* Appointments – Piedmonters found virtual meetings to be a convenient way to ask questions of – and meet with – City staff. Applicants and community members can save time and avoid a crowded counter by scheduling an appointment with staff. Appointments have the advantage of connecting you with the subject matter expert for your particular question, certainty of when you will get the information you need, no waiting in lines, and convenience of meeting virtually from anywhere in the world.
Appointments are available from 8:30 a.m. to noon and from 1:00 to 4:00 p.m., Monday to Friday. Email ondutyplanner@piedmont.ca.gov or call (510) 420-3050 to schedule your planning and design review appointment. If you are already working with a specific staff member on a project, you can contact them directly for an appointment.
Jul 4 2021

Piedmont resident Jennifer Nixon loves to cook and try new things. She is also exploring more ways to be a “good climate citizen” and is “inspired by the Piedmont Climate Challenge and all the helpful ideas on the website.”

After watching an “induction cooking party” video with chef Rachelle Boucher, from BayREN & Kitchens to Life, she was curious to see if this new cooking method would change her style. So, last April, she became one of the first Piedmonters to borrow the single-burner, induction cooktop, offered for free by the City of Piedmont for a two week trial.

And how did she like it? “Everything I cooked —omelettes, sautés, pasta, polenta and soup — turned out well,” Jennifer says. “I also appreciated the City providing two pieces of induction cookware (a sauce pot and a fry pan) and a magnet to test my own cookware. Four of mine passed the test.

Induction cooking is very fast, which means you spend less time at the stove and use less energy. And I imagine less heat means having a cooler kitchen on hot days. I had a little learning curve with the temperature settings, and you have to get used to not ‘seeing’ how high the heat is, as with gas burners. But I believe it’s safer, since the cooktop is cool to the touch – only the pan heating the food gets hot, and there are no gas emissions. It’s also easy to keep clean.”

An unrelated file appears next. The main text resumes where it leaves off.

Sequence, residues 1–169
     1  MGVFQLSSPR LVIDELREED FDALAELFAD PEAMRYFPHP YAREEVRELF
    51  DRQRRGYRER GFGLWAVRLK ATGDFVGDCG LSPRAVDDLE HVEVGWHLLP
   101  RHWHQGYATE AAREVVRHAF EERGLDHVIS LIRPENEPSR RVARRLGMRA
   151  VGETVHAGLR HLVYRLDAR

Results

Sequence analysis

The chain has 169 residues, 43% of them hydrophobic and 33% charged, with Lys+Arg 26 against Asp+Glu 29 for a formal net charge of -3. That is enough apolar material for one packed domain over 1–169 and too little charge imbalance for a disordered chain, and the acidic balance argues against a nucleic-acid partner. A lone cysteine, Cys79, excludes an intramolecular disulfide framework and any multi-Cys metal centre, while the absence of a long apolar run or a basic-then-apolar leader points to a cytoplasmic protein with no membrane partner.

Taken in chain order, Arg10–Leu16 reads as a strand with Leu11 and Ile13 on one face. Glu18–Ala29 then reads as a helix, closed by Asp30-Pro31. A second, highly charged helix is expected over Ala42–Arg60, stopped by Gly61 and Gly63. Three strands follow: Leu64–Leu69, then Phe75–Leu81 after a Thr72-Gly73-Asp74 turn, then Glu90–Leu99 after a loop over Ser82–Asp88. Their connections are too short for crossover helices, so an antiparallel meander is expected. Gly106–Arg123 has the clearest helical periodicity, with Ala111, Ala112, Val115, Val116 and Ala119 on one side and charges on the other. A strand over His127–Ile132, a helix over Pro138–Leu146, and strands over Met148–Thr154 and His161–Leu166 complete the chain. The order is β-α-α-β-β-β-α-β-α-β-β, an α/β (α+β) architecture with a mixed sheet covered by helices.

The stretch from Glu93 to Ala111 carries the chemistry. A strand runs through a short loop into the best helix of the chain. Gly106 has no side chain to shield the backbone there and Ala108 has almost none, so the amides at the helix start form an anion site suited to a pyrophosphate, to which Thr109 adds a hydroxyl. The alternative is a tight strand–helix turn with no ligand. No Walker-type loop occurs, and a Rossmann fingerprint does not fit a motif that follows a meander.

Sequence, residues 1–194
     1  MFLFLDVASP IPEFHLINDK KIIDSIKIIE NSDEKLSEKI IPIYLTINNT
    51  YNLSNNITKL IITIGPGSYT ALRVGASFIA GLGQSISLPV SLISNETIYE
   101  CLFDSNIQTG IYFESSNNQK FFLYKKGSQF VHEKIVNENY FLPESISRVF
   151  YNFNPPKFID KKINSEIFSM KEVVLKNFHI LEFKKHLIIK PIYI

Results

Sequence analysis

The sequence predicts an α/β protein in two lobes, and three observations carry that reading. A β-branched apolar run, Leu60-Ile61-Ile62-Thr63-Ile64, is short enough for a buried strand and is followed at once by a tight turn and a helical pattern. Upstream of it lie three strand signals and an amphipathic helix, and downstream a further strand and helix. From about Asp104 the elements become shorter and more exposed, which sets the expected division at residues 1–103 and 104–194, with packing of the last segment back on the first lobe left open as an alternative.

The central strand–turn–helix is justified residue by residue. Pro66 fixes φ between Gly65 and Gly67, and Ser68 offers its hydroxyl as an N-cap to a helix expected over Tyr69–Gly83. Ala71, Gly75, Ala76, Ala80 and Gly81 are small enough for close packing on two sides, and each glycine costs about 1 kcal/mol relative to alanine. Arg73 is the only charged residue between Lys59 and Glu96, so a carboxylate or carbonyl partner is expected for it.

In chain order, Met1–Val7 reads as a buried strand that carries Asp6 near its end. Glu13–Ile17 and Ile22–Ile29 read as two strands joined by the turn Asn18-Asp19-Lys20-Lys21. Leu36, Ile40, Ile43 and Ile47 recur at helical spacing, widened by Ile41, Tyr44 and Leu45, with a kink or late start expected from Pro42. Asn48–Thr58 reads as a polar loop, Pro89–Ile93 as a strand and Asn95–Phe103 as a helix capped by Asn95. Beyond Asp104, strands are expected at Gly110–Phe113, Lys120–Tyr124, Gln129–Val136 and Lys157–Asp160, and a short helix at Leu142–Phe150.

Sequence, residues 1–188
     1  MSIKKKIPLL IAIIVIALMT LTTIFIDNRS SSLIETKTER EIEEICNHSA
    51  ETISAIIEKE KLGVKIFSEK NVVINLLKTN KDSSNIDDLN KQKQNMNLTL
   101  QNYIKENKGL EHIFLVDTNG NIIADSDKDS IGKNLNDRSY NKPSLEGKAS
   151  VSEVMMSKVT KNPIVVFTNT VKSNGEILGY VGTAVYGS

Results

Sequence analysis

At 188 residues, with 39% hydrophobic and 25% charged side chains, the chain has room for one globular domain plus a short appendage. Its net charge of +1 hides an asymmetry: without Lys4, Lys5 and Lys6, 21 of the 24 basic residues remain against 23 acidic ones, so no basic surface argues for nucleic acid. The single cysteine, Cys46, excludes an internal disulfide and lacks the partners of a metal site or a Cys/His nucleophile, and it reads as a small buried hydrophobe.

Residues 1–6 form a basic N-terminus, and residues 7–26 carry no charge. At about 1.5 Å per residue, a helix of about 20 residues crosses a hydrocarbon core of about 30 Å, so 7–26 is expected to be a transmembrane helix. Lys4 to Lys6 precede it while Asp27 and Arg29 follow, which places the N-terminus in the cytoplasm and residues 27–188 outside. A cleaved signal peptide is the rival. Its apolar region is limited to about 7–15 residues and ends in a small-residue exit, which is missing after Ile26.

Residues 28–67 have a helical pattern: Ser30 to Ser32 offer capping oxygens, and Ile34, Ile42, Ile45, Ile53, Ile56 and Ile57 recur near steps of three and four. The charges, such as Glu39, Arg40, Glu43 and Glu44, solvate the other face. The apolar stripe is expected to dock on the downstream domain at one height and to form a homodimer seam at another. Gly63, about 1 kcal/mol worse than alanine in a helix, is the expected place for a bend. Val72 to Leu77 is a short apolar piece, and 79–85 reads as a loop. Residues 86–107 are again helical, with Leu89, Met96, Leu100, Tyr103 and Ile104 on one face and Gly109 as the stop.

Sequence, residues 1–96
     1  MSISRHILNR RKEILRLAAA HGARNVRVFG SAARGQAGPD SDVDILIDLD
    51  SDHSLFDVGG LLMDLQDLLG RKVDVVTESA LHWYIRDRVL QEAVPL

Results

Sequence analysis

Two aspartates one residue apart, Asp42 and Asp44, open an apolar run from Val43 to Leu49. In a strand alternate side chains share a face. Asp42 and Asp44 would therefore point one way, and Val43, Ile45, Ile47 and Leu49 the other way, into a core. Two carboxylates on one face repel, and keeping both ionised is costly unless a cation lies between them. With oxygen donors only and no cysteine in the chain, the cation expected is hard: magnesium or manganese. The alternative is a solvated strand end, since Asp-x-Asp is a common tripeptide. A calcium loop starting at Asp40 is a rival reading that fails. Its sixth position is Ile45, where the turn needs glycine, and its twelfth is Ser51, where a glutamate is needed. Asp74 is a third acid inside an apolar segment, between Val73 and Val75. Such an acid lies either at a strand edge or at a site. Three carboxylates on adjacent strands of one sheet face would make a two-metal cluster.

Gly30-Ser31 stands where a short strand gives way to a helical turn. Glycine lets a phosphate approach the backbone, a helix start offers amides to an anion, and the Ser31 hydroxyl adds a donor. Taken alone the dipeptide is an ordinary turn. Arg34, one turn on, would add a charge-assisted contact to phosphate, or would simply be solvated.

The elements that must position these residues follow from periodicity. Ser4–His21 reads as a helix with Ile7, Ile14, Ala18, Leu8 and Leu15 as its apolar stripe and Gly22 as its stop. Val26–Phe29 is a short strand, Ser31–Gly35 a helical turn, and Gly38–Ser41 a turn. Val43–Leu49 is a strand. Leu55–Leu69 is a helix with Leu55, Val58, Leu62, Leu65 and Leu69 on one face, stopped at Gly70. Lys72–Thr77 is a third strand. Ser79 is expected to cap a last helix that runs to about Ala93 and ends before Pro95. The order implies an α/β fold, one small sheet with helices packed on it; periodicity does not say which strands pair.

Before deciding to purchase an induction cooktop, Jennifer plans to do more research on the cost of a five-burner induction cooktop, which can run from $2,000 – $3,400, plus the cost of installing a 240V electric outlet, which is required for a five-burner cooktop. (Cost of a noninduction, electric range begins around $900.) Jennifer might also consider buying a one-or two-burner induction cooktop, which is far less expensive and uses a regular household plug.

As an incentive, BayRen offers a $300 rebate for purchase of a new induction cooktop. Regarding the required magnetized cookware (cast iron is fine), Jennifer notes that pans should have a flat bottom and concentric rings on the outer edge of the base. “The base of the pan must completely cover the burner,” she says. “And don’t use metal spoons to cook as they may pass on the current to your body.”

For more information on induction cooking and on borrowing Piedmont’s single-burner
induction cooktop, visit:
https://piedmont.ca.gov/cms/one.aspx?portalId=13659823&pageId=17510635

Marjorie Blackwell, Piedmont Resident